Pawpaws: The Mid-Atlantic's Tropical Fruit

Taste the Mid-Atlantic's tropical treat

Hawaii may be a pineapple paradise, but we're loyal to our own local tropical fruit: the pawpaw.

Resembling a big green pear or pear-shaped mango, the pawpaw is as sweet as a mango or banana, with a thick, custardy texture.

Long before apple orchards and peach groves overtook the Mid-Atlantic's fruit farms, pawpaw trees abounded. Unfortunately, because of their strange pollination process, pawpaws are nearly impossible to cultivate. The wild trees that do thrive here pop up randomly, with a ripening schedule that stumps most farmers.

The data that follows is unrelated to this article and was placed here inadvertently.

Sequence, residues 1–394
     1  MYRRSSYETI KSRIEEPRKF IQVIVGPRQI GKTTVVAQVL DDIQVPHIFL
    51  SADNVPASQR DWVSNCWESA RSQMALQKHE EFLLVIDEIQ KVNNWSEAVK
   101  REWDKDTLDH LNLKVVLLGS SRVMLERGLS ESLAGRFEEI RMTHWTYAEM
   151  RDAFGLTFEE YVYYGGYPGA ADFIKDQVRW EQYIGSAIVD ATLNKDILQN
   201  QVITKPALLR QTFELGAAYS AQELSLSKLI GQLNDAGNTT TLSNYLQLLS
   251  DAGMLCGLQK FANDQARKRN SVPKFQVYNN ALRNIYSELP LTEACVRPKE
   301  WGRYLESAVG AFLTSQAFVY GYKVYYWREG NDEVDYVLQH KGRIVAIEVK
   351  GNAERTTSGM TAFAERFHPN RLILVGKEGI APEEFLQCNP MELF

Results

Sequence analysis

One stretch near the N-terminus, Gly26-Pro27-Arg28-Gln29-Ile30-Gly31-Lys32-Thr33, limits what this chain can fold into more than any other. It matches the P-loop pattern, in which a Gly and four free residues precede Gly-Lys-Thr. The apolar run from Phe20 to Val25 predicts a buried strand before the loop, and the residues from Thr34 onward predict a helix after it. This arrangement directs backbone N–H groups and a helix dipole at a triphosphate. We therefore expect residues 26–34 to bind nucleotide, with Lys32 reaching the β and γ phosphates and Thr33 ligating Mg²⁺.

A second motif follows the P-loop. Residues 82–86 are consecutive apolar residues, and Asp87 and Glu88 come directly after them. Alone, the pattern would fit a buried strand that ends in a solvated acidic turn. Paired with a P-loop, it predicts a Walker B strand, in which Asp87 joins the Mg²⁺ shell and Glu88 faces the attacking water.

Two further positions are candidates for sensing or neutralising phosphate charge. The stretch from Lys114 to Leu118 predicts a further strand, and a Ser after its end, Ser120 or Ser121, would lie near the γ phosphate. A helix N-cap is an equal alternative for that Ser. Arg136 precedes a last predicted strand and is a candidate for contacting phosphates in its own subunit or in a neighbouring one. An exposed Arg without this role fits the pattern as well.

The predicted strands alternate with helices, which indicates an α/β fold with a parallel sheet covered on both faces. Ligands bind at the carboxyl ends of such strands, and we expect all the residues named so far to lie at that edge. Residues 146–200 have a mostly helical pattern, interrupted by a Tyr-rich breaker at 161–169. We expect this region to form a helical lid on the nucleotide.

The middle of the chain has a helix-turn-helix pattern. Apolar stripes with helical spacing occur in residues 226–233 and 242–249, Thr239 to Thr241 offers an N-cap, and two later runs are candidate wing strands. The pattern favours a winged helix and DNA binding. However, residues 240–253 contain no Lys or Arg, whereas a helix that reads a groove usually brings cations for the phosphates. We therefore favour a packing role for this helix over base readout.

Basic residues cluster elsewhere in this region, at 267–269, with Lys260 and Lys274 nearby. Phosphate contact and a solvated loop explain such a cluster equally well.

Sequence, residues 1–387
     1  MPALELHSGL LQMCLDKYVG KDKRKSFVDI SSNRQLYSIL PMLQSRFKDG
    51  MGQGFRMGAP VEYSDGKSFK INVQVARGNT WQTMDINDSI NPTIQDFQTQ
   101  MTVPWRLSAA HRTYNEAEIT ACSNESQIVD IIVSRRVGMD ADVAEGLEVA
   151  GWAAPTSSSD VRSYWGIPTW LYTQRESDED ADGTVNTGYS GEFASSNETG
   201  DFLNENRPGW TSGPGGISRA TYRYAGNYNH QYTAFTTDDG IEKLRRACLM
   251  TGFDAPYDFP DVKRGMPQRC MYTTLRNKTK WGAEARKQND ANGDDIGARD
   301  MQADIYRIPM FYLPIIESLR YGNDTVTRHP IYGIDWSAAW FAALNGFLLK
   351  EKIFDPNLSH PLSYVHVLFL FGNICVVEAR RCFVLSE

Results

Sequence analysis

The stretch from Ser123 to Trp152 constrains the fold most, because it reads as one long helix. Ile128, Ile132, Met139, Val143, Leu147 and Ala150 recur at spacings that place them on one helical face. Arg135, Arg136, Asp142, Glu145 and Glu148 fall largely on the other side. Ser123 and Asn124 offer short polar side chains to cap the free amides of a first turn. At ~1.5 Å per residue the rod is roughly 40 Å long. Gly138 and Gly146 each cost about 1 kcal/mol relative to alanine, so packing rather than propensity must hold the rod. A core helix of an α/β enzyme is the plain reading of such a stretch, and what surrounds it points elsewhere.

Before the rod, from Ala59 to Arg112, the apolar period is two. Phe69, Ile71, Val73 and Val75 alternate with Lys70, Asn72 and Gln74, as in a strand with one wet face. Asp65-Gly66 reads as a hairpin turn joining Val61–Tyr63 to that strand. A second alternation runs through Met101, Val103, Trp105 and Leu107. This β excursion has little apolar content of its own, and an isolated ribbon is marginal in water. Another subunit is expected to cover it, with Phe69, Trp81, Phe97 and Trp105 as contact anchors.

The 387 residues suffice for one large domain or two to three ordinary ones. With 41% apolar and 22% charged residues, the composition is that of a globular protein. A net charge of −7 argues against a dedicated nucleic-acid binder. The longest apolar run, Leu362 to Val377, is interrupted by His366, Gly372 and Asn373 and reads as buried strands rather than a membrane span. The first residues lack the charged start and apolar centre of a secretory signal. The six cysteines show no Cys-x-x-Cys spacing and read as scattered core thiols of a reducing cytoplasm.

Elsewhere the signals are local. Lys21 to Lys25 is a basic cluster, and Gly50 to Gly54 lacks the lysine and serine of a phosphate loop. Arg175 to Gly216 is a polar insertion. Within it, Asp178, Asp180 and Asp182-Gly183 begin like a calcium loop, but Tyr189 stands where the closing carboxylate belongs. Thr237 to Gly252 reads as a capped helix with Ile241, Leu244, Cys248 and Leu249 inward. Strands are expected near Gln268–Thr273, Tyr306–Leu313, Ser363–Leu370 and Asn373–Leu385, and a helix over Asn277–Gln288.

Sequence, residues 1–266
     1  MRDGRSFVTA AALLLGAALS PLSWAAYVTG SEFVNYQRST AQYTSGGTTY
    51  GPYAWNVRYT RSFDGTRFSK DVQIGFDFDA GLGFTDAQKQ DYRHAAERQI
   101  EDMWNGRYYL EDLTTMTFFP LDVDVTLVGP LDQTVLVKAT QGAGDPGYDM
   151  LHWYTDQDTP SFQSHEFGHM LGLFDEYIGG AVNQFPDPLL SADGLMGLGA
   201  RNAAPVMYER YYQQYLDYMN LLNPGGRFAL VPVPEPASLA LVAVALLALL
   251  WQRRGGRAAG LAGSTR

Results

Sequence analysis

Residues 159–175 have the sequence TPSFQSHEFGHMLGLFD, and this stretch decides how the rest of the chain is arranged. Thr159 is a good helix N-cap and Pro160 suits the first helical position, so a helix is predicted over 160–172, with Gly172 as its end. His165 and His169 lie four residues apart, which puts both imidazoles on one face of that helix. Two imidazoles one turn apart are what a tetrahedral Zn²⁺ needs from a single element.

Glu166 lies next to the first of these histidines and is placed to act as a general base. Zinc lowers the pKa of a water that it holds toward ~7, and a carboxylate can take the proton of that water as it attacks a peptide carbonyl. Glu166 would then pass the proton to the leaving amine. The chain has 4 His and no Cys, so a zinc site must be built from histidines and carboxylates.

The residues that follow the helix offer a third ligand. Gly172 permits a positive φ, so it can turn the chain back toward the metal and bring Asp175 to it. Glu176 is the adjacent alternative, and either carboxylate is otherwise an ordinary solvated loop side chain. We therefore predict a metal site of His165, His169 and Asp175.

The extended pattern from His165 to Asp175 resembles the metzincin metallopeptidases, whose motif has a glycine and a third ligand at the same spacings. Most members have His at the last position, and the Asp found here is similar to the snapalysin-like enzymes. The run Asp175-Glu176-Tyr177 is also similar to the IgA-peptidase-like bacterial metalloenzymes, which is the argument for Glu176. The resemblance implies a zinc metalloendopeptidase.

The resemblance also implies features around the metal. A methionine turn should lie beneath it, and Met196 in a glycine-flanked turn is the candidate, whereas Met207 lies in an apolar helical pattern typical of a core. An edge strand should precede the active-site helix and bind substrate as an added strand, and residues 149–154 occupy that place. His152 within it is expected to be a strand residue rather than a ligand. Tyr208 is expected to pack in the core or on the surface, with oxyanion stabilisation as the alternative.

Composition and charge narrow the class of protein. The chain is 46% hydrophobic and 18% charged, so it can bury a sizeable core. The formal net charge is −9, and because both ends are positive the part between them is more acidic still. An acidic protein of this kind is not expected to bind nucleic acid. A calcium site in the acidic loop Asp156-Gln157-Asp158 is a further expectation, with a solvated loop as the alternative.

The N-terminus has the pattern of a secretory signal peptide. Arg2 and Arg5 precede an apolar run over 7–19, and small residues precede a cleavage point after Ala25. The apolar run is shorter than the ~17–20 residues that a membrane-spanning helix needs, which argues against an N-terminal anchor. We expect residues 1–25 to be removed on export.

Pawpaws ($4.50 a pint) are in season over the next two weeks, so get to the markets early and keep a keen eye out for them. If you land a pint, we recommend eating the creamy fruits raw, blending them into milkshakes, making ice cream or building a naturally sweet parfait.

For more inspiration, Woodberry Kitchen in Baltimore scored fruit from a local forager and churned it into ice cream. Next week, Mitsitam will debut pawpaw pudding with sweet bean cake. Ashby Inn in Paris, which sources its fruit from a secret spot on the Appalachian Trail, plays with the fruit's similarity to bananas, serving chocolate-covered cheesecake bites with pawpaw soft-serve for its inspired take on a chocolate-dipped banana.

Welcome to the tropics.

Available at The Farm at Sunnyside at Dupont Circle Farmers' Market, 1500 20th St. NW, Sundays from 8:30 a.m. to 1 p.m.; or Falcon Ridge Farm stand at the Kensington Farmers' Market, 10417 Howard Ave., Kensington, Saturdays from 8 a.m. to noon